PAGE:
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Plato and the form of Beauty


To: Andrew W.
From: Geoffrey Klempner
Subject: Plato and the form of Beauty
Date: 2 September 2004 10:30

Dear Andrew,

Thank you for your email of 24 August, with your essay for the Associate Award in response to the question, 'The philosopher thinks ‘that there is such a thing as beauty itself, and has the ability to see it as well as the things that partake in it’ (476c). Explain the contrast Plato makes in the Republic between examples of visible beauty and the beautiful itself. Why does he believe that true knowledge must relate to the latter and not to the former?'

This is a very good essay. You have really got to grips with Plato's arguments in the Republic, highlighting the seemingly incompatible things which Plato says about the nature of the Forms, and in particular the Form of Beauty, and concluding with a fascinating theory of beauty - or suggestion of a theory - which looks very much like something to which Plato the mathematician might have nodded his assent.

The attack on the sightseers is very much in the Socratic tradition of, 'You have given me lots of examples of F, but I am asking about F-ness itself.' The sightseers are not incapable of recognizing beautiful things. On the contrary: the fact that the unreflective person is able, at least sometimes, to successfully recognize F when it occurs is the 'explanandum', the thing to be explained. Where the sightseers go wrong is in their inchoate theorizing about the nature of F-ness. For example, the naive idea that 'black is beauty in painted figures' - a theory which can be practically refuted by showing the sightseer a grotesque example of a black painted figure and asking them if they find it 'beautiful'.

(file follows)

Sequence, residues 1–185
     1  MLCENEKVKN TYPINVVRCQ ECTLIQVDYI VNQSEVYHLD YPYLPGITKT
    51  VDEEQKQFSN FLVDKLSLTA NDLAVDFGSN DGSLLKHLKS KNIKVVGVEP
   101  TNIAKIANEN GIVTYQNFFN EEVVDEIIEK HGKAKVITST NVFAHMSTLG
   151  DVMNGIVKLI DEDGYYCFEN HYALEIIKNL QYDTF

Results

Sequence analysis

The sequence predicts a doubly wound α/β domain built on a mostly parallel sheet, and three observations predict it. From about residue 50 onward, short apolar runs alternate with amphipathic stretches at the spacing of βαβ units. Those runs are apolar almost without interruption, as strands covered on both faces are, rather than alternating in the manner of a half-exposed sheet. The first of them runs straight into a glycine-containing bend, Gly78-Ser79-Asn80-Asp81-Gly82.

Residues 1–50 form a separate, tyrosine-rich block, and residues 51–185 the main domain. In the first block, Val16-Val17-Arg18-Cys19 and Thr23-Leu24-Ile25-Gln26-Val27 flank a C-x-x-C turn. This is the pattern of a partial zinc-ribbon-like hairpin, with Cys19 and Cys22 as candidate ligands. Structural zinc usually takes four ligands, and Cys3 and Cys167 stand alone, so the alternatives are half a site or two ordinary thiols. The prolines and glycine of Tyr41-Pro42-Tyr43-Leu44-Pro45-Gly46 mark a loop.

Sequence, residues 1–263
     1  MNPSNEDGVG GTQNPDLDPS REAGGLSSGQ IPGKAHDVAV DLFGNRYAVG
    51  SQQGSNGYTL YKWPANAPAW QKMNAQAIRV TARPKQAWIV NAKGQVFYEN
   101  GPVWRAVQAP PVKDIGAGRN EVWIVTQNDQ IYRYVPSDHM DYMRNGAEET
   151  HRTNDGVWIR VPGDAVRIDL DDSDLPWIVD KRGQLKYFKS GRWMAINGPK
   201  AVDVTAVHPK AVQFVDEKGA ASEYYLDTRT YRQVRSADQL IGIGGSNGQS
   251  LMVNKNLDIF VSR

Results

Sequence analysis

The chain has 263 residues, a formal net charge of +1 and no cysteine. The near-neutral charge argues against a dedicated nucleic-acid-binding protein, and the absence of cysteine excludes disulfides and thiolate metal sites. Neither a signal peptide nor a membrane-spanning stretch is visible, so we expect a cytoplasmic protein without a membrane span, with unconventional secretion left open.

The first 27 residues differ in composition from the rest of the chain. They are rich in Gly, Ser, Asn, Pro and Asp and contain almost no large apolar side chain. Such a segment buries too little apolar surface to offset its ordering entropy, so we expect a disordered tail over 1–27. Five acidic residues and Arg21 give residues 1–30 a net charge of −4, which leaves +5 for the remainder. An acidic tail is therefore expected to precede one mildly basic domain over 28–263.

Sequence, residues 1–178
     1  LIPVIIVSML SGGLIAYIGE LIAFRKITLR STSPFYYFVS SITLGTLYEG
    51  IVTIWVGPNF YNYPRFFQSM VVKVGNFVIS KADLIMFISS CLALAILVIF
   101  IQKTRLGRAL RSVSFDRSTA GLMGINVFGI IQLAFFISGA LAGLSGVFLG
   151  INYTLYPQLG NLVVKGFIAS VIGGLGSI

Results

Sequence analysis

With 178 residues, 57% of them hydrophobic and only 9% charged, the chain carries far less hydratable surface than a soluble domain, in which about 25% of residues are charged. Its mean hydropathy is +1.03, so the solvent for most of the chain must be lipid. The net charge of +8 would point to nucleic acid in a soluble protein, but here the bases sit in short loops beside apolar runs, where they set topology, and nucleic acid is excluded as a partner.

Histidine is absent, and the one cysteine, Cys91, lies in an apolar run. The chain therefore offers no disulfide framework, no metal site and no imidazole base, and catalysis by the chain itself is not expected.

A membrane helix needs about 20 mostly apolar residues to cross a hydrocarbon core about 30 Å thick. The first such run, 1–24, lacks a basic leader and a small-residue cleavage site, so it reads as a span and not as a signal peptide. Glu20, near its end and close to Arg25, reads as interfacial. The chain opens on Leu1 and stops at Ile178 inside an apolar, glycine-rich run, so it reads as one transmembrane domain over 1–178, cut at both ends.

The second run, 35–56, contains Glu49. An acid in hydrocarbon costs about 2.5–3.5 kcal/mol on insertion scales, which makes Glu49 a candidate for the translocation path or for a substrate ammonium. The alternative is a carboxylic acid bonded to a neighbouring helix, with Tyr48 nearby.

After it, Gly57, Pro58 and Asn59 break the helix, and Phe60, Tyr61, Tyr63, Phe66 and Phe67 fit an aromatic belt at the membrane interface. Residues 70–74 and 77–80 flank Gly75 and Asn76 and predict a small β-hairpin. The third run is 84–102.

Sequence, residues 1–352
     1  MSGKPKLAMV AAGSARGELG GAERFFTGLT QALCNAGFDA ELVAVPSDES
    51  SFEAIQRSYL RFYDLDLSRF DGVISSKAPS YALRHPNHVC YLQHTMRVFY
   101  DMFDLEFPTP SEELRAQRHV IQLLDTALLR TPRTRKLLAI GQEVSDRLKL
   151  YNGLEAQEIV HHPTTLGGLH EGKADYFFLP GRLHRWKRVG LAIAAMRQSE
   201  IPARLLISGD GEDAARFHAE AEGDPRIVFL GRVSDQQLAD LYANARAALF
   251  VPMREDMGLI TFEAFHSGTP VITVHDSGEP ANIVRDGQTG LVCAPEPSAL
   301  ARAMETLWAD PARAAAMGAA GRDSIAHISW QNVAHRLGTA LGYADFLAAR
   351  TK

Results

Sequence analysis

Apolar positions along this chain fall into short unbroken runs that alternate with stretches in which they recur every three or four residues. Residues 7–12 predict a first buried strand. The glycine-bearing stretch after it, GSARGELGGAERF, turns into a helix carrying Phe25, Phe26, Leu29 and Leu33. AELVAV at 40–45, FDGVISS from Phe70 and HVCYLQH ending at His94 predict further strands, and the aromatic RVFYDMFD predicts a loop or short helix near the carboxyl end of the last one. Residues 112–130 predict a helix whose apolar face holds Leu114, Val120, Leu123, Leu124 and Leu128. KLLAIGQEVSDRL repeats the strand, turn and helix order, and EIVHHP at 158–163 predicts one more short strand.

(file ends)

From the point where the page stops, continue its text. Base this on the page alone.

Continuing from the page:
What this calls for is a theory of F-ness. Or, in the case of beauty, a theory of aesthetics. In the same way, our ability to discriminate between just and unjust acts calls for a theory of justice.

A theory of F-ness is a philosophical definition of F. That is what the sightseers are unable to provide. Moreover, lacking such a definition, their ability to discriminate Fs, even when successfully exercised, cannot be described as knowledge. You might be right that the car that sped by was a Jag, but if you were ignorant of the fact that some 'Jags' are made by Daimler then your true belief isn't knowledge.

There is a story to be told - which only the theorist about Fs is in a position to tell - about how the F-ness in an object gives rise to the true belief, 'this is an F'. The story, the theory, also explains why things which are not F but G can give rise to the false belief 'this is an F'. The theorist knows when something is F. The one who lacks a theory cannot know but can only believe.

However, this does not yet bring out what is characteristic about Plato's theory.